Adam Gołębiewski, born 1984, is a Poznań-based percussionist, musicologist and sociologist avowedly seeking to extend the “anatomy, sound and expressiveness” of the drumkit. On Pool North (Latarnia), this translates into solo percussion workouts of raw, fervent and, sometimes, explicitly violent intensity – a complete contrast to the fastidious studio constructions of the last-reviewed Blossom Bells, an album by percussionist Erland Dahlen.
Latarmia’s press notes stress that the Pool North recordings are all live and unedited takes on “entirely acoustic compositions, produced on a jazz drum kit with conventional microphone system”. The album cover says simply “drumset, objects” – concert reports describe Gołębiewski utilising plastic forks, sheet metal and battered cymbals. And sure enough, lead track “Straight, Mute” presents a frictional, low-thrumming rotary whorl capped by surface screech and scrape, all suggestive of some obscure industrial process recorded and replayed at half speed.
Gołębiewski’s process on “Decay” is more identifiable: a scouring of chains and objects across the kit’s variously taut and metallic surfaces, and intermittent bass drum pedal-detonations agitating an otherwise fidgety implicit rhythm. Sticks are skittishly deployed, sometimes used to scrape up harmonics from vibrating cymbals.
“Left Hand Shake” follows on with bass drum hits studding a junkyard clutter/rainforest gamelan of gongs, cymbals and sundry smaller, sharper-sounding metal objects.
The next title “Ellington Tradition” may nod to Duke Ellington and the jazz tradition, but the piece so called is all corrosive rasping, sounds apparently generated by close-miked, stressed and abrading cane rutes ground onto taut skins and unyielding metal surfaces. And “Half Blame” sounds like the rotary abrasion of stacked cymbals, amplified into something like the modulated feedback of a circular saw (if such a thing is possible).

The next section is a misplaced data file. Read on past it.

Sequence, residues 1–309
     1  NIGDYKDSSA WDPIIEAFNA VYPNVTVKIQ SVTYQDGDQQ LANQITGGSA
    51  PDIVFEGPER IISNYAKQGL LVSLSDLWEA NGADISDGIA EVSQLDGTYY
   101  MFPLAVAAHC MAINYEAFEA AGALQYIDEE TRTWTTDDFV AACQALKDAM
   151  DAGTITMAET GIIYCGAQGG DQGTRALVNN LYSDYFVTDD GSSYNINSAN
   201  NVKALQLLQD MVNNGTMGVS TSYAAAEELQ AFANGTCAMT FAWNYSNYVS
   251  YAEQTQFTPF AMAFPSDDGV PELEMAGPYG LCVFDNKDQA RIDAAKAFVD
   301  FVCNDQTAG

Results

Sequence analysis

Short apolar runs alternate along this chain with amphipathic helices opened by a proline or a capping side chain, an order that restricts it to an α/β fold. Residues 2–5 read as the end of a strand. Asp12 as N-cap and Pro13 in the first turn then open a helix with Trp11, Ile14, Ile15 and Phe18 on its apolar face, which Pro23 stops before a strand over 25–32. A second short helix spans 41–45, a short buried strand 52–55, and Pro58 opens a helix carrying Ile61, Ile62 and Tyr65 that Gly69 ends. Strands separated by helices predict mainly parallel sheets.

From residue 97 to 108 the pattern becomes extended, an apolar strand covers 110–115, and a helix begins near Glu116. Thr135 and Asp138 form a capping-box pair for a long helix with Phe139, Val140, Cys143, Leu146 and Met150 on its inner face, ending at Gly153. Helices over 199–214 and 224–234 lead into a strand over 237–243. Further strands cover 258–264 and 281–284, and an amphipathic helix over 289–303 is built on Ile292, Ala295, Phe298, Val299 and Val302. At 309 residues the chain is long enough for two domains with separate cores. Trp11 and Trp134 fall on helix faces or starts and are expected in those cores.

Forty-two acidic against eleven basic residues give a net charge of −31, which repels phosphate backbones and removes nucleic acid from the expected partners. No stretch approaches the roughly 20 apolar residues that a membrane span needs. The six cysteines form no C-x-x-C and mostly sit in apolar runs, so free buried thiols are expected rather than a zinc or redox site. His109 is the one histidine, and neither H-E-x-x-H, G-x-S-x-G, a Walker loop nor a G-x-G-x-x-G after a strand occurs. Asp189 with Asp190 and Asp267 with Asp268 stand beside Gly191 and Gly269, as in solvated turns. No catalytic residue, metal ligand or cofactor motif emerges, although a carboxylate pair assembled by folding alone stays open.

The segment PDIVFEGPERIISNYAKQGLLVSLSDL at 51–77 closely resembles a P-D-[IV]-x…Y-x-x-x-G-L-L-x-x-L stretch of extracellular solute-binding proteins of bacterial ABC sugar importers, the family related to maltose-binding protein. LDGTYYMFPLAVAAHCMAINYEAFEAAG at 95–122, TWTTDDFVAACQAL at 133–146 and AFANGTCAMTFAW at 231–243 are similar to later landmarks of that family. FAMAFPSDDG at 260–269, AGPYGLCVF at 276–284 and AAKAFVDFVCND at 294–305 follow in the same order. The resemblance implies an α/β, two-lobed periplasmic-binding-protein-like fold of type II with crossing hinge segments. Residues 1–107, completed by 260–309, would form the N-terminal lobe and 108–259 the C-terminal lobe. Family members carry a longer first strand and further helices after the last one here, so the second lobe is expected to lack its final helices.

“Manner and Timbre”, the only cut on this short album to outlast six minutes, focuses on amplified sounds of rubber mallets run over drum membranes and ribbed metal scoured over rims. It’s hard to believe these noises aren’t multi-tracked or at least finessed by some sort of processing. And yes, despite its rawness and aggressive immediacy this music does sound finessed. And yes, it is musical, after an industrial, electroacoustic fashion.
The standout and final track, “Glass of Seawater” amplifies what may be spittle finger-rubbed over cymbals, or perhaps the sharp sonics of ‘singing glasses’. It’s very much like a hydrophone recording of gongs in water, transmitted over a badly wired tannoy system.
The focused intensity of these performances is astonishing. In an intimate live setting, I imagine the effect would be electrifying. As it is, the clean, clear articulation of sound on these recordings conveys every detail of the grits in its grains with clarity. Turn it up for a sonic abrasive blasting that will simultaneously cleanse and coarsen your ears.
I can’t tell you much more about Gołębiewski, except that In 2012 he recorded Divided By 4 (Multikulti Project) with Fredrick Lonberg-Holm on cello, Piotr Mełech on clarinet, and Witold Oleszak on piano. There are more also more recent pieces by Gołębiewski in trios with Lonberg-Holm and Ken Vandermark, and Thurston Moore and Alex Ward on Gołębiewski’s Soundcloud page – alongside three pieces from Pool North. Give them a listen.
Adam Gołębiewski jazz drum kit, objects.
Buy Pool North direct from Latarnia.